Each frame seemed lit from impossible angles, with a barrage of color in striking primary colors. It was very Christmassy, and the whole thing reeked of money, elegance and power. The Doctor was heir to so much - yet he jeopardized it all for the sake of his ego and a night out. It was a night out he would remember for a very very long time. (RHPS, anyone?)

There is a telling moment in the film. He returns to his home after failing to uncover the whereabouts of his college buddy or to discern whether the threats against his life are for real. On his pillow, the very mask he used to infiltrate the sex cult's party was placed squarely upon his pillow. This cathartic presence bids he tell all to his lovely young wife, and we are really left to wonder how the mask got there. If by the cult - that adds a dimension. If by his wife, then that is something else.

The novel cleared it up for me. In the book, the wife places the mask on the pillow. And I suspect that barring any direct visual evidence from Kubrick to the contrary, so it is the same in the film. In Clockwork the movie, for example, you are never told that "A Clockwork Orange" is the title of the political treatise the old man in the country house is writing when Alex and his droogies fake the accident and ravage the household. PS The government wants to stifle that writer, too. Later, that same author tries to kill Alex and blame the government. Not really important, but that is why. The government is like a clockwork orange; It looks like an orange, but does not have any of the good, nutritious stuff inside - just a clockwork mechanism. And Alex just looks like a pawn to them both. Same with EWS.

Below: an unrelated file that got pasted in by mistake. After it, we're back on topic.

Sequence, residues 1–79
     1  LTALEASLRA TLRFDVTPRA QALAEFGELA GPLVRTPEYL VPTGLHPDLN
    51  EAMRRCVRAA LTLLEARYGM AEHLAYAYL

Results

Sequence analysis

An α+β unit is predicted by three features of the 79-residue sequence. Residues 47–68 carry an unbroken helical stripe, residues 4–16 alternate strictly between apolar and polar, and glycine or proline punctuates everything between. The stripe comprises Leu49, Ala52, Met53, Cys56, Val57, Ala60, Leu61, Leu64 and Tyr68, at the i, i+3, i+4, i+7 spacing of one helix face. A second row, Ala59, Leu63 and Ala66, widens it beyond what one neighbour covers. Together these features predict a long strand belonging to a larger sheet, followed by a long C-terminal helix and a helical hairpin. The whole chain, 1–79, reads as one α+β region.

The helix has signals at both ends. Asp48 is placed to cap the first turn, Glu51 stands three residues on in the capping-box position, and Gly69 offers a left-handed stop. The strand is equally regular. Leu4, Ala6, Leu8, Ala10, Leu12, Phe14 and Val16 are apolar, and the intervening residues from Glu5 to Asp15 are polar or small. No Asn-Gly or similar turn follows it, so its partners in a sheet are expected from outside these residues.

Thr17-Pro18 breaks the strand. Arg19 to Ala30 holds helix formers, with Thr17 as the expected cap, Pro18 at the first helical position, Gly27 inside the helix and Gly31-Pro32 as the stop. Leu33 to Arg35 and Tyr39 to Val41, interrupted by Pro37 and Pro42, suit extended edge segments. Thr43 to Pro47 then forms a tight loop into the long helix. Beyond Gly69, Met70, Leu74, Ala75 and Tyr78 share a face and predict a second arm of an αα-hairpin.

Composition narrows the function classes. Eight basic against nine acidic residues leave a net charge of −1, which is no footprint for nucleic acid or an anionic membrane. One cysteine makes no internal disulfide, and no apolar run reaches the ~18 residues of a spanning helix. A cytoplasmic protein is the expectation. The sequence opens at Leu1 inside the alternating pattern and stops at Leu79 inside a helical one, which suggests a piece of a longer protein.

Dr. Bill Hanford is drawn into the seamy side of life, but he does not have the survival skills necessary to play rough. The rules change, but he does not realize it.

 
  1. Eyes Wide Shut (1999) ... aka EWS (1999) (USA: promotional abbreviation)
  2. Full Metal Jacket (1987)
  3. Shining, The (1980) ... aka Stanley Kubrick's 'The Shining' (1980)
  4. Barry Lyndon (1975)
  5. Clockwork Orange, A (1971)
  6. 2001: A Space Odyssey (1968)
  7. Dr. Strangelove or: How I Learned to Stop Worrying and Love the Bomb (1964) ... aka Dr. Strangelove (1964)
  8. Lolita (1962)
  9. Spartacus (1960)
  10. Paths of Glory (1957)
  11. Killing, The (1956)
  12. Killer's Kiss (1955)
  13. Fear and Desire (1953)
  14. Seafarers, The (1952)
  15. Day of the Fight (1951)
  16. Flying Padre (1951)
 
As a rare treat, the entire screenplay is for sale, bundled with a new translation of the original German novel, Dream Story. I skimmed the novel quickly to see what differences there were - and was surprised to see cosmetic changes but no real substantive change beyond sexin' it up a bit. For any screenwriter, it is a bonanza, to see how a great film director could make a novel into a film in only 159 minutes. But it does little to answer the puzzle as to why Kubrick spent so much time creating such a restricted statement, such a retelling of a hundred year old fable.


My instinct tells me this was a personal work for some reason, and he wanted to do something subtle with high profile Cruise and Kidman. As such, it is great. But for the last effort? It is too bad we could not see his next film, A.I., which had been in development for some time. An erstwhile disciple has taken the reins though; Spielberg will adapt the balance of the work to completion in the next years. It could not be in better or more loving hands.


In EWS, Kubrick tells us all, and leaves us to ruminate on what might be out there, and if it is worth it.
Amusing, isn't it?